Lamplugh mystery goes on after new search draws a blank
Police have finished searching a property in Sutton Coldfield after finding no evidence in connection with the disappearance of Suzy Lamplugh.
Around 15 officers and an archaeologist had been searching the property, which was once owned by the mother of the prime suspect John Cannan.
But despite a two-week search and an excavation of the back garden, nothing has been found.
The 25-year-old estate agent went missing in London in 1986 and was declared dead, presumed murdered, in 1994.
Police secured a search warrant after they received new information about the case.
Ms Lamplugh went missing after going to meet a client – known as Mr Kipper – at a house in Fulham.
She was last seen being joined by a man and walking away from the property and although her car was found police have never found out what happened to her.
Three days before she disappeared, John Cannan had been released from a hostel at Wormwood Scrubs Prison – where he served a six-year sentence for rape.
He is now currently serving a life sentence for the 1987 abduction and murder of Shirley Banks in Bristol.
Nobody has ever been charged as part of the Lamplugh investigation.
Met Detective Chief Superintendent Richard Wood said that despite no new leads, the case remains open and police are "committed to bringing Suzy's killer to justice".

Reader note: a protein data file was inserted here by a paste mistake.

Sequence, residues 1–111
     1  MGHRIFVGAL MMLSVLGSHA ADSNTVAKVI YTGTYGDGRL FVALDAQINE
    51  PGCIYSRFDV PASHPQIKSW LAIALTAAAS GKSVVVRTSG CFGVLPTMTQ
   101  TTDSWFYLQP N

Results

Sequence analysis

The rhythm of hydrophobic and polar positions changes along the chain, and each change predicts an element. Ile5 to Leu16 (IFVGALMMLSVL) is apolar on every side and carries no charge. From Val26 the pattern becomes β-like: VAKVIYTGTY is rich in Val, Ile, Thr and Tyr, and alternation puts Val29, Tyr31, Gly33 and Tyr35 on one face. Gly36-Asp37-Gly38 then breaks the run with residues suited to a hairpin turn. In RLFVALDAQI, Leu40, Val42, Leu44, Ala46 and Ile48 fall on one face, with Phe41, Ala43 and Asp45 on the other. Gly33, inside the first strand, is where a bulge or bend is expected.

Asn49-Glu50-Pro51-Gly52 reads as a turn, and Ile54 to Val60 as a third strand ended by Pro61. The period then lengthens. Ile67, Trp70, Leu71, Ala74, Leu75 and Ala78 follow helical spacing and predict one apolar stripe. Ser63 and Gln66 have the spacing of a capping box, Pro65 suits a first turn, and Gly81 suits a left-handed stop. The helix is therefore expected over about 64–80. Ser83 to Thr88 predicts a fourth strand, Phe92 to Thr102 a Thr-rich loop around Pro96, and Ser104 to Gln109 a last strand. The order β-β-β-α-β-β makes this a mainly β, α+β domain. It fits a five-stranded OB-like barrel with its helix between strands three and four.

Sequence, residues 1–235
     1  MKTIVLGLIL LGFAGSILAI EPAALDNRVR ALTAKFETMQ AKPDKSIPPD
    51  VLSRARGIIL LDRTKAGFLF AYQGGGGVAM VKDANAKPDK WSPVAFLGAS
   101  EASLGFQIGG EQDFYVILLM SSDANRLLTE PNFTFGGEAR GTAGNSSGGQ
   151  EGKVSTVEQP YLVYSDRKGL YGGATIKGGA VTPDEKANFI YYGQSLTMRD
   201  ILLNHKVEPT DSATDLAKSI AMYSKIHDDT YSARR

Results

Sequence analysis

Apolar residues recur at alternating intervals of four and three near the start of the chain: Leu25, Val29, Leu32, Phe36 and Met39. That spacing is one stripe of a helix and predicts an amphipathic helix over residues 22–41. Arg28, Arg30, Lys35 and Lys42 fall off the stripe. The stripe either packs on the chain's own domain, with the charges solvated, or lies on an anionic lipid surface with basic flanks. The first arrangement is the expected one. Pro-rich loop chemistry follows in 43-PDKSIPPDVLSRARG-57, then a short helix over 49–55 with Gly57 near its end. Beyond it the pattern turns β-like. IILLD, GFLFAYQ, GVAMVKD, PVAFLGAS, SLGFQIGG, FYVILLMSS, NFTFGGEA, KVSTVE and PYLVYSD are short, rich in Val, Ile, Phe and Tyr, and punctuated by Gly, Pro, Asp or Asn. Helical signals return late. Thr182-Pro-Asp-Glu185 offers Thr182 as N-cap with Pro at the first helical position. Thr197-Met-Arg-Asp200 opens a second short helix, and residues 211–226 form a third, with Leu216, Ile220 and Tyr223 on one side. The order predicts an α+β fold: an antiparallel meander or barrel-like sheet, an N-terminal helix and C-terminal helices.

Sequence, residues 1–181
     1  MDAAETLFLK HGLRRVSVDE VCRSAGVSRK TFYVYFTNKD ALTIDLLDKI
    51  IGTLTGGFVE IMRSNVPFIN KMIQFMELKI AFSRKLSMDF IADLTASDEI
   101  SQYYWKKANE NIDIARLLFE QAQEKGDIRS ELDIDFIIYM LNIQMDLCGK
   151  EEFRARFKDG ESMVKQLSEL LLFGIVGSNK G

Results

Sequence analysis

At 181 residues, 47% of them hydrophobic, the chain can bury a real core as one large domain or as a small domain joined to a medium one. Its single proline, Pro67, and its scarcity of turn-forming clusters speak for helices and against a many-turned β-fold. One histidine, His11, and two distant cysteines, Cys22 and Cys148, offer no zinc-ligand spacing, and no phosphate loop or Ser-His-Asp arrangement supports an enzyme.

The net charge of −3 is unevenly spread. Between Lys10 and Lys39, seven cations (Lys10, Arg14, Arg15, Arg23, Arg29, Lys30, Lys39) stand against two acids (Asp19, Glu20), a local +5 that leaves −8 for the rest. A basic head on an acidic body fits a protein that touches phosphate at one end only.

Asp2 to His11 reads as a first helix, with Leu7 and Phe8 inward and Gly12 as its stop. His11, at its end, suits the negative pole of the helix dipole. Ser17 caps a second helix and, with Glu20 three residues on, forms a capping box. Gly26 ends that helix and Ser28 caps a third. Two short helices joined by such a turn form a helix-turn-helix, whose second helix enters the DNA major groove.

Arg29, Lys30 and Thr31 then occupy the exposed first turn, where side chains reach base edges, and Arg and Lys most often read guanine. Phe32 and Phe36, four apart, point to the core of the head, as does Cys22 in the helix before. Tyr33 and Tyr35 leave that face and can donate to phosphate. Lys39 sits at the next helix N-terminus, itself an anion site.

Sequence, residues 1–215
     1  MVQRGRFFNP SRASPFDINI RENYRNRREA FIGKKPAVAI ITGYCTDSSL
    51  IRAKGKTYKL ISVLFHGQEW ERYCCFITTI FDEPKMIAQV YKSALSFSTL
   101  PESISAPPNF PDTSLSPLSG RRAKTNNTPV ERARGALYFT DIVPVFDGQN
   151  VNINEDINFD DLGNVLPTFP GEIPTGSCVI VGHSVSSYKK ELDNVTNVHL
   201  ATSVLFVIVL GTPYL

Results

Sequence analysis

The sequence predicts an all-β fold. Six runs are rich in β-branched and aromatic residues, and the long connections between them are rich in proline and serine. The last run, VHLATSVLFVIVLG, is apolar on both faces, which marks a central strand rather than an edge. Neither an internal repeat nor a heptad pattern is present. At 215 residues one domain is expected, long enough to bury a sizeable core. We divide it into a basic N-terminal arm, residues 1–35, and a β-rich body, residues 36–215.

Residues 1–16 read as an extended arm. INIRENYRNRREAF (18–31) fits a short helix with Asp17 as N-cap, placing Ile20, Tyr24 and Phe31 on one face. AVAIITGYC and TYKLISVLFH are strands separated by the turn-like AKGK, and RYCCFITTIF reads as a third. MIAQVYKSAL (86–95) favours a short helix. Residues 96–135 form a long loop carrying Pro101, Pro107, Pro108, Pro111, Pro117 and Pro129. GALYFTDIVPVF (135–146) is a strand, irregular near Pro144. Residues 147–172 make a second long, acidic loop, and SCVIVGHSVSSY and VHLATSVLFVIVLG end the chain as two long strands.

"This has been a landmark case for the Met, both in terms of its scale and complexity, and because of the huge sense of tragedy of a young woman's life being cut short and the uncertainty around what happened to Suzy," he said.
"A total of 32 years have passed since Suzy's disappearance; years that have undoubtedly been hugely painful for her family and loved ones, and our thoughts remain with them at this time."
He continued: "I would like to pay tribute to Suzy's family for their support during the Met's investigations into her disappearance, as well as for their courage and strength through decades of sorrow.
"This latest line of enquiry must have been traumatic for them.
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"As well as bringing them some hope that they might find out more about what happened to Suzy, but they have always been supportive of our efforts to make progress in the investigation."
:: Anyone with information is asked to call police on 0207 230 4295 – or Crimestoppers anonymously on 0800 555 111.